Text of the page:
Burnet: The 15th Annual Hill Country Lawn & Garden Show, sponsored by the Highland Lakes Master Gardeners Association in conjunction with the Burnet Co. AgriLife Extension Service, will be held on Saturday, March 23, from 9 a.m. to 4 p.m. at the Burnet Community Center, 401 E. Jackson St., Burnet. Vendors feature plants for every garden, including native plants, exotic plants, herbs, vegetables, succulents and houseplants. The latest in lawn/garden equipment and yard decorations are also available for purchase. There will be two speakers: at 10 a.m. Richard Ashton, author of several books and a frequent contributor to Texas Gardener magazine, will present "Growing Fruit in the South," and at 2 p.m. George Cates will speak about "Creating Diverse, Drought Tolerant Native Outdoor Living Spaces." The Master Gardeners will have demonstrations, and there will be a special children’s area. Raffle tickets will be sold for a garden-themed quilt and many other prizes. Admission is free. For additional information, contact Val Klaudt, Chairperson, at 512-588-0696 or visit http://www.yantislakesidegardens.com/mghome/show.
Conroe: Texas Wildlife and Woodland Expo & Spring Fling will be held from 10 a.m. to 4 p.m. Saturday., March 23, at the Lone Star College-Montgomery Campus, 3200 College Park Dr. in Conroe. It’s free and open to the public. Co-sponsored by Texas A&M Forest Service and Lone Star College-Montgomery, Expo & Spring Fling places an emphasis on education with a heavy dose of family fun. For adults: experts on hand to teach clinics and answer questions about trees, plants, water, wildlife, forests, fish, ponds and green building. For kids: the Family Adventure Zone, where they can climb a rock wall, paddle around in a kayak, practice their aim with a bow and arrow and even have their picture made with Smokey Bear. The Montgomery County Arbor Day Ceremony will be held at the start of Expo & Spring Fling, serving to kick off the event. Free tree seedlings will be handed out throughout the day, while supplies last. For more information or a detailed schedule of events, go to http://expo.tamu.edu.
Gonzales: The Gonzales Master Gardener 3rd Annual Plant Sale will be held Saturday, March 23, at Texas Heroes Square from 8:30 a.m. until 1 p.m. Hundreds of plants will be available for purchase propagated and grown by the master gardeners as well as other local growers. Master Gardeners will be present to answer questions, offer suggestions, and give advice on the various plants being sold. Other activities include a silent auction and food and drink will be available for purchase. Proceeds from the silent auction and the sale of plants will be used to continue improvements at the Eggleston House Children’s Garden, 623 Fair Street, and other ongoing community projects and educational programs. For more information, contact Cindy Turner at 830-263-1363.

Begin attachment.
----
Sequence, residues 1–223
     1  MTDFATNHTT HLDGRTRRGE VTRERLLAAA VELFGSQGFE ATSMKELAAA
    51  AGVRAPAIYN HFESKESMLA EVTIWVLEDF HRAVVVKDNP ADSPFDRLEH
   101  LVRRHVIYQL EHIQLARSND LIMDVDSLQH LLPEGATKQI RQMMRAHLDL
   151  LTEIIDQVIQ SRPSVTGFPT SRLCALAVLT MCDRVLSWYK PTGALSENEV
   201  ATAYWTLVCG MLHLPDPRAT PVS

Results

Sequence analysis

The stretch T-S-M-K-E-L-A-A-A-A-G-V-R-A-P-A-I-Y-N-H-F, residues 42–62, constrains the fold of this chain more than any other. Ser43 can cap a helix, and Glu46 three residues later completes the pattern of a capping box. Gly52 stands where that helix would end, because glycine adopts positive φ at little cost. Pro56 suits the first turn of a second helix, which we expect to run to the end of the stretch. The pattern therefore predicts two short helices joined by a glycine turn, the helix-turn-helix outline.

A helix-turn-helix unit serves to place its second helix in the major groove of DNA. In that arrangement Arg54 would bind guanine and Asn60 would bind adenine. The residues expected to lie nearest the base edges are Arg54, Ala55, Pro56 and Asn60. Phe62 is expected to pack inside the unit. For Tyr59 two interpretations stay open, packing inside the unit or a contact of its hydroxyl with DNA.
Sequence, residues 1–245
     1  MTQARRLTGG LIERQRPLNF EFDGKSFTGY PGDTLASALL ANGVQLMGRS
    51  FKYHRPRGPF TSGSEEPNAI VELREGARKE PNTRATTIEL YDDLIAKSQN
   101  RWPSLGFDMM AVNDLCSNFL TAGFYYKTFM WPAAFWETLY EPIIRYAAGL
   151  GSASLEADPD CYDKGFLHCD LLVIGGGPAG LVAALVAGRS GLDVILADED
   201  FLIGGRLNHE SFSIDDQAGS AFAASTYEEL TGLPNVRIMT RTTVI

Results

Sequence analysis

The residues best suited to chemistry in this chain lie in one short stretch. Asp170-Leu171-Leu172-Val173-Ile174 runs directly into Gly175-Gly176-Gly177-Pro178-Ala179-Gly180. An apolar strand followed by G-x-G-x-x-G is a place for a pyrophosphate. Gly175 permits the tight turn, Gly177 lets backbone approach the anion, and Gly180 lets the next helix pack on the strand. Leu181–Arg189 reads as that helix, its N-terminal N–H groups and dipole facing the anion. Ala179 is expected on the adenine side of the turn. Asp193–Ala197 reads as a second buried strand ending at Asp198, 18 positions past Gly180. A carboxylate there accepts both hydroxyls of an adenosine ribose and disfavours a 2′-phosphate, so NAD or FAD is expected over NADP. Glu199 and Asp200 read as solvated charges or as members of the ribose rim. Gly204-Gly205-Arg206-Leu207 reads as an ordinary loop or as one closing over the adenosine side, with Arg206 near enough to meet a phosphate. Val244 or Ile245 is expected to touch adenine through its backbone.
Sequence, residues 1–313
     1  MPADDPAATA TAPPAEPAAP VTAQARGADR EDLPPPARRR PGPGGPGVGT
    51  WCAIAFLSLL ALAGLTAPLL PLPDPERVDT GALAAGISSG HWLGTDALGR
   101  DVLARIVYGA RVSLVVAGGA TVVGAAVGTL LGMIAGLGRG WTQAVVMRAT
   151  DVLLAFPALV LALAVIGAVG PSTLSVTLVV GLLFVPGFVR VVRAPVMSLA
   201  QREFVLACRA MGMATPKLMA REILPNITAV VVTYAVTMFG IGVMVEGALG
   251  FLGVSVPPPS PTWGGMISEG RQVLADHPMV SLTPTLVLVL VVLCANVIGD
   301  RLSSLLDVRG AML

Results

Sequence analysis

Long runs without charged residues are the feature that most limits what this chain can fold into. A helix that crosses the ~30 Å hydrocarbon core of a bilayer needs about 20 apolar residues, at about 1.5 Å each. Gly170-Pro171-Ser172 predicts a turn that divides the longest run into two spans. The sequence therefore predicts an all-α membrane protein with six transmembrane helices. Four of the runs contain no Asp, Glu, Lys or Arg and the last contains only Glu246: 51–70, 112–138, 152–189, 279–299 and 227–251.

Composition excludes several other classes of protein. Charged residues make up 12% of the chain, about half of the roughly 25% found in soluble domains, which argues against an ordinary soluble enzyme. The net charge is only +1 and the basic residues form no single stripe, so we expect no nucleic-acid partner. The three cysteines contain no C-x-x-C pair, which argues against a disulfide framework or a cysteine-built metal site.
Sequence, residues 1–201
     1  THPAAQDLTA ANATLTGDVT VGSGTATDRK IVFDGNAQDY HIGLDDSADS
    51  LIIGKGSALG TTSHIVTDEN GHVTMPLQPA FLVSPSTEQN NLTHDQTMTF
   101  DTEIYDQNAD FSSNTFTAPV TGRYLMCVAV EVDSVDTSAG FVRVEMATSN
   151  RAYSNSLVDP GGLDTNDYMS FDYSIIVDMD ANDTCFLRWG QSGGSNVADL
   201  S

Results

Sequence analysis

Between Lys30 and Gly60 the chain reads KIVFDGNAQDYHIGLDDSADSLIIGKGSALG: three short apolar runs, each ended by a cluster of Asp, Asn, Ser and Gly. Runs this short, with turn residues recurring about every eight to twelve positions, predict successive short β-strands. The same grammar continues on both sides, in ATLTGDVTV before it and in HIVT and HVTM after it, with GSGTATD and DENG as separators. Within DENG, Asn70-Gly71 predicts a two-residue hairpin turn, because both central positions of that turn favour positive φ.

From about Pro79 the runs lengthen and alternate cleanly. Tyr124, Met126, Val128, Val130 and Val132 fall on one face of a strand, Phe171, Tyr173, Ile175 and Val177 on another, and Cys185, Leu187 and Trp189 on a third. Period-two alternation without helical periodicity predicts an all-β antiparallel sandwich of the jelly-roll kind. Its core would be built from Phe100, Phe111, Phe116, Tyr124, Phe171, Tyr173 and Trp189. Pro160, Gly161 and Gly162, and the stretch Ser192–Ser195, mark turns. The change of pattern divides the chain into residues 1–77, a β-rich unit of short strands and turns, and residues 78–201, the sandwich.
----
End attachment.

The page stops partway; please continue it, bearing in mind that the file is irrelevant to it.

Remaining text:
Houston/Ft. Worth: A total of 10 Texas gardeners will share their private gardens with the public in 2013 through the Garden Conservancy’s Open Days program, America’s only national private garden-visiting program. Open Days in Texas take place on the following dates. Saturday, March 23: Visit six private gardens open to the public in Houston, 10 a.m. to 4 p.m. Special highlights include a loggia with hand-painted tiles and terra cotta floor, a unique English country garden, classic southern landscape elements and plant choices, a stately Live Oak dominating an Arts & Crafts style property, and a xeriscaped garden. Sunday, October 13: Visit four private gardens open in Fort Worth, 10 a.m. to 4 p.m. Features include a country estate with formal spaces and an organic orchard, an urban garden using earth-friendly methods and native plants, sculptural pieces and unusual container plantings, and a cottage garden focused around a fountain and large planting beds. Each of these Open Days Program dates is self-guided and no reservations are required. A $5 admission fee collected at each garden supports the national preservation work of the Garden Conservancy. The Open Days program features hundreds of magnificent spaces not normally open to the public. From April through October, garden hosts across the country welcome the opportunity to learn and exchange gardening ideas, and give the public access to explore and enjoy their private gardens. For a complete list of the more than 300 private gardens participating in eighteen states, visit the Garden Conservancy and its Open Days program online at www.opendaysprogram.org or call toll-free weekdays, 1-888-842-2442. The 2013 Open Days Directory ($21.95 including shipping and handling) is the only comprehensive source for details on the 2013 season. The Directory provides descriptions, visiting dates and hours, and driving directions to each private garden. The Directory also includes one free admission ticket to any private garden participating in the program, a $5 value. To purchase a Directory or to join the Garden Conservancy as a member and receive a free copy, call 1-888-842-2442 or visit www.opendaysprogram.org.